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For decades, policymakers’ perception has been that large capital inflows can fuel booms in asset prices. If this were true, bonanzas in capital inflows would imply an important risk to financial stability, since booms in asset prices are leading indicators of financial crises. However, as noted by Reinhart and Reinhart (2008: 50), despite being widespread among policymakers, until recently this perception was based mainly on anecdotal evidence.

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Topics:  Financial markets International finance

Tags:  capital flows, asset prices, current account, bubbles, Capital inflows, booms

Dark side of housing-price appreciation

Indraneel Chakraborty, Itay Goldstein, Andrew MacKinlay 25 November 2013

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Policymakers around the world often worry about decreases in real-estate prices and other asset prices, and take measures to prevent them. For example, in the aftermath of the financial crisis, the Federal Reserve has engaged in large-scale asset purchases – especially of mortgage-backed assets – to support the housing market and, in turn, the overall economy.

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Topics:  Financial markets Monetary policy

Tags:  housing, Federal Reserve, investment, asset prices, banks, lending, real estate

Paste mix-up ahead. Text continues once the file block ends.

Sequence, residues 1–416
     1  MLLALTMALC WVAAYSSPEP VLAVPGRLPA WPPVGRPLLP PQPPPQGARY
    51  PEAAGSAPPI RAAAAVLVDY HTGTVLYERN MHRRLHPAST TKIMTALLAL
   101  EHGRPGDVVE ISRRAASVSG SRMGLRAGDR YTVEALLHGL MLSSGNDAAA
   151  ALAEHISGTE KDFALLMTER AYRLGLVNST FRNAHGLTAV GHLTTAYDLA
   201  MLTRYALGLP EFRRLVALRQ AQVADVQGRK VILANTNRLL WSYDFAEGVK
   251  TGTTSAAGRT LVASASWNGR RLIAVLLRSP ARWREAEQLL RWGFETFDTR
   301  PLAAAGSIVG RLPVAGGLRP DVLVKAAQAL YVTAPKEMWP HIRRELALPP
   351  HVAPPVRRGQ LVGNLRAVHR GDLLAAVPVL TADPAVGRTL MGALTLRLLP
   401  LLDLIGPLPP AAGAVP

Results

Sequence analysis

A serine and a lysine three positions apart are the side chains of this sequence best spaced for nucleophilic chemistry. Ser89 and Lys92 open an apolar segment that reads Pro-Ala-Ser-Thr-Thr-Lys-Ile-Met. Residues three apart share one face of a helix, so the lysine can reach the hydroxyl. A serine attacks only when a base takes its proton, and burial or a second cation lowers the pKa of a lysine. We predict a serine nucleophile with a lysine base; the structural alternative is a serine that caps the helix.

Speculative investors and transaction tax in the housing market

Yuming Fu, Wenlan Qian, Bernard Yeung 07 November 2013

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The Global Financial Crisis revived the idea of using transaction taxes to discourage short-term speculative trades. Such trading is often blamed for causing excess volatility in financial markets. Tobin (1978) proposed the tax more than 40 years ago, to “throw some sand in the wheels of speculation”, specifically for currency trading. The idea has been extended to all forms of financial transactions.

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Topics:  Financial markets

Tags:  housing, asset prices, financial transaction tax, stamp duty, Singapore

Fama, Hansen, and Shiller: An excellent choice of Nobel laureates

Tarun Ramadorai 24 October 2013

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The recent announcement of the 2013 Sveriges Riksbank Prize in Economic Sciences in Memory of Alfred Nobel has delighted researchers working in empirical asset pricing. The combination of deep economic insight and clever methodological contributions that Eugene Fama, Lars Hansen, and Robert Shiller have brought to this field has revolutionised our understanding of the determinants of asset prices.

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Topics:  Financial markets

Tags:  Nobel Prize, asset prices, methodology

The Inefficient Markets Hypothesis: Why Financial Markets Do Not Work Well in the Real World

Roger E. A. Farmer , Carine Nourry, Alain Venditti,

Date Published

Sun, 01/13/2013

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Origins and macroeconomic implications of asset bubbles

Alberto Martin, Jaume Ventura 16 February 2011

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What is a bubble? Today’s economies often experience large movements in asset prices that have significant macroeconomic effects. Given that many of these movements in asset prices seem unrelated to economic conditions or fundamentals, they have come to be called bubbles, whether swelling or bursting. Typically, these bubbles are unpredictable and generate substantial macroeconomic effects. Consumption, the capital stock, and output all tend to surge when a bubble arises and then collapse or stagnate when the bubble bursts.

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Topics:  Frontiers of economic research Macroeconomic policy

Tags:  asset bubbles, asset prices, rational agents